Although the huge green-lipped New Zealand monsters nearly put me off mussels for life – too big and way too chewy! – last week I tried cooking Irish mussels for the first time. Coming home from work one evening I nipped in to a local shop called Donnybrook Fair to pick up some essential supper supplies. Walking past the seafood counter down the back, a big sack of navy-shelled mussels caught my eye, along with the price – €2.99 a kilo. Instantly, all thoughts of cheese on toast went out the window as I got a kilo of the mussels, picking up a length of crusty French bread and a bottle of sauvignon blanc en route to the checkout.
The fact that I’d never cooked mussels before and didn’t actually have a recipe in mind didn’t worry me unduly. Sometimes the best inspirations come on the walk home and en route I decided that I wanted to cook them with something gusty and strong, garlic and tomato being the first things that came to mind. While the mussels sat in the sink I grabbed a few books – Darina Allen‘s Ballymaloe Cookery Course, Anne Willian’s How to Cook Absolutely Everything and several of Nigel Slater‘s – and looked for a recipe but nothing appealed. The one thing I did pick up was that the mussels didn’t need to be cooked for long. After preparing the mussels – scrubbing their shells, pulling the beards off and checking if the shells closed when tapped – I flung a couple of cloves of chopped garlic, some of the sauvignon blanc and a tin of tomatoes into my deep sauté pan with some lemon zest, left it bubble and simmer for a few minutes, then threw in the whole kilo of mussels and clamped the lid on top.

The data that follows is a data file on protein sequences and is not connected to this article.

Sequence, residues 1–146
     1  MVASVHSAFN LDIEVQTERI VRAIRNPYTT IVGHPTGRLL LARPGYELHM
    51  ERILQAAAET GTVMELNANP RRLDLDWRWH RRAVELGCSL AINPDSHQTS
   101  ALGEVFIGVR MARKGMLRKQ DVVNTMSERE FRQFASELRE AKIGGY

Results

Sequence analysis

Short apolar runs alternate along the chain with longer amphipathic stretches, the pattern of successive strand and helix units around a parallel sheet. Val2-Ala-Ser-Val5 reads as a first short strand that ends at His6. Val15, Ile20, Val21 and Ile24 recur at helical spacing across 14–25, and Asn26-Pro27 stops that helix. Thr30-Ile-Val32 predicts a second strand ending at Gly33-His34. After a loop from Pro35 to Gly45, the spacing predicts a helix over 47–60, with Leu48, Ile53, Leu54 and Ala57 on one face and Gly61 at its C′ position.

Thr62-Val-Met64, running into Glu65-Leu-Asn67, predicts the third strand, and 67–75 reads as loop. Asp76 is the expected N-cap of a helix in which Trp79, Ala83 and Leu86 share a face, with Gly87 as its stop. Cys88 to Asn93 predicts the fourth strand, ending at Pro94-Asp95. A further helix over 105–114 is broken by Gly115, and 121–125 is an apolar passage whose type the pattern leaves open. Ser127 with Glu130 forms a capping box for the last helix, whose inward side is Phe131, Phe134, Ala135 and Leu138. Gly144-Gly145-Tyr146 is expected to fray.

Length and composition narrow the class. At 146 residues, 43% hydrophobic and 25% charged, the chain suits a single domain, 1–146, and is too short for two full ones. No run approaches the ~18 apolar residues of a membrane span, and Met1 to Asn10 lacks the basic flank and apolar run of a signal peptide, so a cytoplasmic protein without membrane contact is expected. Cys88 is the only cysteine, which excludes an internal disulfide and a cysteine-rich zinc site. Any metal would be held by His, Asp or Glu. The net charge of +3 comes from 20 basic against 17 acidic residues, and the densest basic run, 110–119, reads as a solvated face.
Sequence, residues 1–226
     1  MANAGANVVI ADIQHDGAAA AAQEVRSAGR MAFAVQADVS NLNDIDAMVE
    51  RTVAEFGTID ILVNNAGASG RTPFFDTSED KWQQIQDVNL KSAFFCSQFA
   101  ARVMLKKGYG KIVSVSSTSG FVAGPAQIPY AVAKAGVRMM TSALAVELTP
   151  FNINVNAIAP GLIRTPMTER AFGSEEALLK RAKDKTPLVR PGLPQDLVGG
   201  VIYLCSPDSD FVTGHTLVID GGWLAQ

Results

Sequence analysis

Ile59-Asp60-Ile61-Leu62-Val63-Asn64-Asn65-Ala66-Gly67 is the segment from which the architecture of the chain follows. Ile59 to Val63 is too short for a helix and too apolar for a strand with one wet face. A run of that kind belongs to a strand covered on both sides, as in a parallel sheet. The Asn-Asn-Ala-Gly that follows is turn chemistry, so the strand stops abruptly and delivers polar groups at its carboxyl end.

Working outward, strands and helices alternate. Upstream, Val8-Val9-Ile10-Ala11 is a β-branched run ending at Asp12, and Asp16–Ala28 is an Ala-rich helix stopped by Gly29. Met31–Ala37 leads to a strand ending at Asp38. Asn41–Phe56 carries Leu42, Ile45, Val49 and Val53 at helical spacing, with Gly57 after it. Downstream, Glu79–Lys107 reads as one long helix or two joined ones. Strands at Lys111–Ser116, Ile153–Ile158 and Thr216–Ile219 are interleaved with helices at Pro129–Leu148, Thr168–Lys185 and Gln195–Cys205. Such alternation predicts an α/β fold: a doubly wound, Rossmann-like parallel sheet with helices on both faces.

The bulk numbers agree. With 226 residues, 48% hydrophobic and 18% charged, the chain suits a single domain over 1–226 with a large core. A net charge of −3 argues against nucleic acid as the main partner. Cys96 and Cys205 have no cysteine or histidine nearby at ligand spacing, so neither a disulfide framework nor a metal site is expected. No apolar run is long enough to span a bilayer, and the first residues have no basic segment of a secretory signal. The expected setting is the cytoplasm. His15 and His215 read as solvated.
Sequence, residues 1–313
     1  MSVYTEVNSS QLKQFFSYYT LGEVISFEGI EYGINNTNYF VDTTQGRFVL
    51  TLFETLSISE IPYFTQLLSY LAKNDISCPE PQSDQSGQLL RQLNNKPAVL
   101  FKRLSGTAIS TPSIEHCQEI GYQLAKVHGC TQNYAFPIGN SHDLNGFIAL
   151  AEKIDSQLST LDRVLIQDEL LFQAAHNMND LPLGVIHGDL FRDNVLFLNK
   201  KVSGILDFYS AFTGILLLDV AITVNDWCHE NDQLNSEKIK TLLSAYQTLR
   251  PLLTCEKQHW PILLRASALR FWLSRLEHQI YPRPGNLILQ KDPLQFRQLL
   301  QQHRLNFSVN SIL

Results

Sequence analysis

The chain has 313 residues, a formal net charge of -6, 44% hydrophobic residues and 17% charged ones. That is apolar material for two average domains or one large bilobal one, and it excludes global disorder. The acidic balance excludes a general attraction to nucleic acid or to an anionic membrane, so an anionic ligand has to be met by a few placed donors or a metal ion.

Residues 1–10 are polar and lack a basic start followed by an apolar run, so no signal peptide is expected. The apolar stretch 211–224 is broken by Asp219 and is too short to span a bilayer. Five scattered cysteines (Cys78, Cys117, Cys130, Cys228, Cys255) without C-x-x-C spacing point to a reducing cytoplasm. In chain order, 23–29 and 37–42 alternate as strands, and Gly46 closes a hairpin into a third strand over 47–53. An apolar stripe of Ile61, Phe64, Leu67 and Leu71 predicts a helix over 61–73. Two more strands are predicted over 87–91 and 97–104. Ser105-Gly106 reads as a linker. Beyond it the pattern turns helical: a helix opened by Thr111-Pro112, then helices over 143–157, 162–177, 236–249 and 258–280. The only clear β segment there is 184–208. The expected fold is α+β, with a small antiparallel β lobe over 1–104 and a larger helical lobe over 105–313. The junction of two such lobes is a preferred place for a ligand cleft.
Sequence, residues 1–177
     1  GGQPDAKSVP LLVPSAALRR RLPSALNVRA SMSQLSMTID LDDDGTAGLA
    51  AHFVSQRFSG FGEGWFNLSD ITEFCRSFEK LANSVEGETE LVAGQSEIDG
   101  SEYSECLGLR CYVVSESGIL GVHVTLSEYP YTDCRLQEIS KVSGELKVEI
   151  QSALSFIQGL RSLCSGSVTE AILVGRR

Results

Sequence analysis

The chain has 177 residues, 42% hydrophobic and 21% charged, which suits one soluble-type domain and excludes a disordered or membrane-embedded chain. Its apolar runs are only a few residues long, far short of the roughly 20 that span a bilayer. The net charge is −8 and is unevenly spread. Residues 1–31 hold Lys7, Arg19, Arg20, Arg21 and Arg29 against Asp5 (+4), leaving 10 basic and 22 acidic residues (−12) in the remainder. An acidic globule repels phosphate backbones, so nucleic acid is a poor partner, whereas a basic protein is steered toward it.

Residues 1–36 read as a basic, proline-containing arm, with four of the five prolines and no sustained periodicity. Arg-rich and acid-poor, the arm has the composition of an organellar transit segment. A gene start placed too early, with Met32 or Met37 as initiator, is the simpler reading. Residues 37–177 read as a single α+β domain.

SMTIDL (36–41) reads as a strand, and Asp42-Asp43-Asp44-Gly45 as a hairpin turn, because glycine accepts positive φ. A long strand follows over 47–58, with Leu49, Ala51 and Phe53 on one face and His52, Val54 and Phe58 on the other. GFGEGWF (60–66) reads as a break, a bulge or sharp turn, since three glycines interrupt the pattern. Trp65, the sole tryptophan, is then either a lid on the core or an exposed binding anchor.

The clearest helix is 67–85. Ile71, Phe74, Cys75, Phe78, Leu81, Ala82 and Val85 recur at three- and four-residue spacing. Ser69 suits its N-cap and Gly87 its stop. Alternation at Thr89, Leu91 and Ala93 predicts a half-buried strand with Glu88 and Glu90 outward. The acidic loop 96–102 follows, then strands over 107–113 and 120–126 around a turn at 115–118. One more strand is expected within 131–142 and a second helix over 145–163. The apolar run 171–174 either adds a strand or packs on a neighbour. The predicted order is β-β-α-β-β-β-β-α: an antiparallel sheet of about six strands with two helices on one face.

After a few peeps to see if the shells had opened I judged them done and landed the pan on the table, along with the heated baguette, the rest of the sauvignon blanc, a large bowl for shells and some tea towels for mopping purposes. Mussels, as with fresh artichokes – where you have to peel off the leaves one by one and dip them in melted butter to savour the flesh at its base – are so fiddly to eat that a kilo lasts a long time and easily serves two with bread and wine. Sweet and succulent, their wobbly flesh was delectable and the sauce at the base of the pan, further enriched by the juices released from the opening shells, was good and plentiful enough to be used to anoint a dish of pasta the following night. Or it could be poured off into cups and served as a light, but deliciously full-flavoured, soup.
Mussels with Garlic and Tomatoes
Tinned tomatoes – 1 x 400g tin
Garlic – 2 cloves, chopped
White wine – 250ml
Lemon – 1, zested
Mussels – 1 kilo, scrubbed and cleaned
Heat a deep sauté or frying pan over a moderate heat and add the tinned tomatoes, garlic, white wine and lemon rind. Bring the mixture to the boil, turn down the heat a little, and let the mixture simmer for a couple of minutes. Add the mussels and cover the pan. Keep a close eye on it and, when the shells have opened, serve immediately.
Serves 2, with crusty bread and the rest of the bottle of wine.